How Not to Get Libraries to Lend Ebooks (A Publisher's Tale)

Photo by Libraryman/Flickr (Great slide, Michael!) I found this article in my Google Reader this morning and, I will admit, it has been awhile since I have been so excited and flabbergasted at the same time. I was excited about the possibilities and flabbergasted at the implementation. Take a moment to click on the link and go read it so that you too can join me in such a mixture of emotions. Or, for those who want to get to the meat of the situation, carry on.
Page told conference delegates that "all the major trade publishers have agreed to work with aggregators to make it possible for libraries to offer e-book lending"…
…with the addition of certain "controls".
Uh oh.
He said the guidelines had been developed because of concerns over free e-book lending offered by some libraries to lenders "wherever you are" in breach of publisher contracts.
Ok, here it comes.
Under the new scheme, library users would have to come onto the library's physical premises to download an e-book at a computer terminal onto a mobile device, rather than downloading the book remotely.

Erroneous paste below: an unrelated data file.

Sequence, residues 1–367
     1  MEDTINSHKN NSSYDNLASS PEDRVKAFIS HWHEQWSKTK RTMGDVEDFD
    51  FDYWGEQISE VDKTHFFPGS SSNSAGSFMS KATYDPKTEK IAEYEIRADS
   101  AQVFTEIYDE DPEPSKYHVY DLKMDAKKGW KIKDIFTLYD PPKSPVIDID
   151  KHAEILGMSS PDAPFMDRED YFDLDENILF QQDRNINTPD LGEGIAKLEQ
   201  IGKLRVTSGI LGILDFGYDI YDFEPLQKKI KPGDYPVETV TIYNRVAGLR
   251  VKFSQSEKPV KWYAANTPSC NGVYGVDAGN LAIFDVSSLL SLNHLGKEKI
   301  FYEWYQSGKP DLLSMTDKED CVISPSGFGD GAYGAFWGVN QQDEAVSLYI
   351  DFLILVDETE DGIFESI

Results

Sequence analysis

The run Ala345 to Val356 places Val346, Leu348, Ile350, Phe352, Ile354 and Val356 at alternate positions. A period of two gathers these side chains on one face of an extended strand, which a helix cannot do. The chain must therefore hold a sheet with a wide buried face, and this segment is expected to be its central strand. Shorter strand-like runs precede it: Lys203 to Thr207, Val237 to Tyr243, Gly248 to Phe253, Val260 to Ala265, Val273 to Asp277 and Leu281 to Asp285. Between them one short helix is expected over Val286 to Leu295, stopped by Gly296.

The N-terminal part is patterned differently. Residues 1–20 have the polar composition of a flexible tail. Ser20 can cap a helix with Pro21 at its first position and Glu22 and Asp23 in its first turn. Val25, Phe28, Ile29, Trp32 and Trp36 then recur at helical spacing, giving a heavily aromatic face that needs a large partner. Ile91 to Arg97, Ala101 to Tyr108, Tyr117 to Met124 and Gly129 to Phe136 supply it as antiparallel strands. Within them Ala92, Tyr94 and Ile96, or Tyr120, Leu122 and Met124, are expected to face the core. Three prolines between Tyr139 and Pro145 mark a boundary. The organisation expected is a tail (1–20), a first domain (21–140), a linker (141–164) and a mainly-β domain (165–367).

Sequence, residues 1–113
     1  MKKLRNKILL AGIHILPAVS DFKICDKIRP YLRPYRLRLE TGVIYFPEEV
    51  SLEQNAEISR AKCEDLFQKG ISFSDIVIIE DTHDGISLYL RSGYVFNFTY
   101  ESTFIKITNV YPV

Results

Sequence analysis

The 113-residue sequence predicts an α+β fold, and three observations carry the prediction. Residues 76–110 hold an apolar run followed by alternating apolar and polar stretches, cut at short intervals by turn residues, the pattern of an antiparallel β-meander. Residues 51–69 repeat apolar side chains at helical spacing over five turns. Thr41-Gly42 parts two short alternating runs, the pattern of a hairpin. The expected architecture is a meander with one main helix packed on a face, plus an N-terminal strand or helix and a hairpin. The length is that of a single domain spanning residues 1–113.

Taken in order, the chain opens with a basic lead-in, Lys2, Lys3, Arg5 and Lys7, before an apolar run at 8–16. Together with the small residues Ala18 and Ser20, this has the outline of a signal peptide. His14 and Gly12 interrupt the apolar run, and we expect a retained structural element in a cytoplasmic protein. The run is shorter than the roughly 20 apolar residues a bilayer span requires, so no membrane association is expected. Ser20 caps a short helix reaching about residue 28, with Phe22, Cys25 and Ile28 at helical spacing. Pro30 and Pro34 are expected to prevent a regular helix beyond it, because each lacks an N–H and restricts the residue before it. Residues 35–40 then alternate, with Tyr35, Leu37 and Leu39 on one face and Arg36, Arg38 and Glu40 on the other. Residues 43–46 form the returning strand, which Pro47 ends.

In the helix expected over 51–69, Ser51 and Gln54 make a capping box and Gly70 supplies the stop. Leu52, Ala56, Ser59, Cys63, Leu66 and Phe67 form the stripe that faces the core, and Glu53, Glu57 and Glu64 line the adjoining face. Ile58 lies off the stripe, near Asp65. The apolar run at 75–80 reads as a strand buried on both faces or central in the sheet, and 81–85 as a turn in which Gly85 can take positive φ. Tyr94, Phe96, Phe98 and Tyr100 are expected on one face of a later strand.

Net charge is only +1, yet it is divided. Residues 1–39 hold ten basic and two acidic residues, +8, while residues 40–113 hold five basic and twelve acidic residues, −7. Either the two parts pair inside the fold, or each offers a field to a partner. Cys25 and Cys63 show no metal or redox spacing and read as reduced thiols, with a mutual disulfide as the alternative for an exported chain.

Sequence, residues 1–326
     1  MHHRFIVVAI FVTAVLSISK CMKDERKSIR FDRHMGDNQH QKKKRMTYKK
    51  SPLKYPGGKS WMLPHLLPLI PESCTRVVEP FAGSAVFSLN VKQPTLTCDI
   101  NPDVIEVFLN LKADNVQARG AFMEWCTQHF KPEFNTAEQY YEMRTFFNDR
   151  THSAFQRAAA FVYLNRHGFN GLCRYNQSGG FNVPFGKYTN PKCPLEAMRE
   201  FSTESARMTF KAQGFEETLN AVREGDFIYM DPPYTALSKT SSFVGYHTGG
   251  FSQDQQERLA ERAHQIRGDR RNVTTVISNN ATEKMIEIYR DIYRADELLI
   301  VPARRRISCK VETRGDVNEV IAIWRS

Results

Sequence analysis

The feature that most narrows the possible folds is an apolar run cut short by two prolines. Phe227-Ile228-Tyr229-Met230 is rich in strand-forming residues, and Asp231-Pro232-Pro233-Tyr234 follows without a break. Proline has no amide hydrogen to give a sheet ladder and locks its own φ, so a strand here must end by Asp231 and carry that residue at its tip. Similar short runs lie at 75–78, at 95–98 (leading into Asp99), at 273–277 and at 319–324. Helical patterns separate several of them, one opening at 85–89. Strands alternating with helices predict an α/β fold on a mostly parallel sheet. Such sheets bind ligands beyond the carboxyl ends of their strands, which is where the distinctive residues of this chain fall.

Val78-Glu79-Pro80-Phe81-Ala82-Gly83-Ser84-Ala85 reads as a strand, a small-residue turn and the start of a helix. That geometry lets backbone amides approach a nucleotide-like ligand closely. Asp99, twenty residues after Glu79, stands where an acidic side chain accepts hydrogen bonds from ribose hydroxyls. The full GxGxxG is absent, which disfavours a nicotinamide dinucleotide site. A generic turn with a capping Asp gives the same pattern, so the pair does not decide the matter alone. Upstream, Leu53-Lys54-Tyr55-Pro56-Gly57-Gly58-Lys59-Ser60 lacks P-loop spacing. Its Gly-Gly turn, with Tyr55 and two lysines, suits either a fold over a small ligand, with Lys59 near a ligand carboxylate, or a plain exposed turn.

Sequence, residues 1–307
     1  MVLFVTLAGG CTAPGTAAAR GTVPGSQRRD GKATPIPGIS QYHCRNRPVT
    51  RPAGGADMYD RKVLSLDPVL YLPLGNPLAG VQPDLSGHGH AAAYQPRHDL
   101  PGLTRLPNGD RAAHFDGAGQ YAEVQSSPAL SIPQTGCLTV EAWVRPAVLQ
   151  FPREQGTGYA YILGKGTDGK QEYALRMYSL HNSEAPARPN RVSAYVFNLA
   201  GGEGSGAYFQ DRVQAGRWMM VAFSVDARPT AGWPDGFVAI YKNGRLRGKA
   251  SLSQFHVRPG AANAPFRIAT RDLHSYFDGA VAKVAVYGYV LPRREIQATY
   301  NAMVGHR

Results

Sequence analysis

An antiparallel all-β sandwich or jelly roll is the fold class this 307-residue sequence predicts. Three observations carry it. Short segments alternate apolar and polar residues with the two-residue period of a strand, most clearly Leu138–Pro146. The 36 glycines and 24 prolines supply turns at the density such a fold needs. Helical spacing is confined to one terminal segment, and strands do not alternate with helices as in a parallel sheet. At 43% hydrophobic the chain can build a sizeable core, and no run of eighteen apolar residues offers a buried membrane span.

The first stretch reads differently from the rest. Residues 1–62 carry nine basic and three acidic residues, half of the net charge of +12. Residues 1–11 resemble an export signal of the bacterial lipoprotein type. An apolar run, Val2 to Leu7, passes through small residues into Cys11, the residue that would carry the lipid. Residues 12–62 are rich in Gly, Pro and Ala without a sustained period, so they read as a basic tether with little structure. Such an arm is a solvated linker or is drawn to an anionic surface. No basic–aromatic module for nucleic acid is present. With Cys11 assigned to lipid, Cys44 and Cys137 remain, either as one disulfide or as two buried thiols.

In a country (UK) that is cutting back on its staff (and hell, for that matter, any staff whatsoever), the idea of turning into a service station for ereader devices has to be a frightening one. I’m sure these publishers in their infinite wisdom have determined a trouble free way for people to download these books onto their iPads, Kindles, Nooks, Iliads, Sony Ereaders, Coolrs, and every sort of device potentially out there. Or at least given the library staff a written list of reasons why a patron’s device is not included so that they can hand them that list rather than explain it ad nauseam or troubleshooting directions. Isn’t the point of being online is that you can have remote access to something?
The scheme would also see the fee paid by a library to buy a book covering the right to loan one copy to one individual at any given time,
(Emphasis mine.) How 19th century of them to imagine up such a thing. I would hope that this would mean that the library could pay for multiple copies for lending to multiple people. Why not bundle those ebook lending rights with the actual book itself? Libraries are already paying jacked up prices for ‘library binding’ editions. You could put that fee on top of that. But I think my better question is whether the library would be buying the ebook itself (thus having ownership) or just the right to lend the ebook? My guess is the latter, but there is always hope for the former.
and would require "robust and secure geographical-based membership" in place at the library service doing the lending.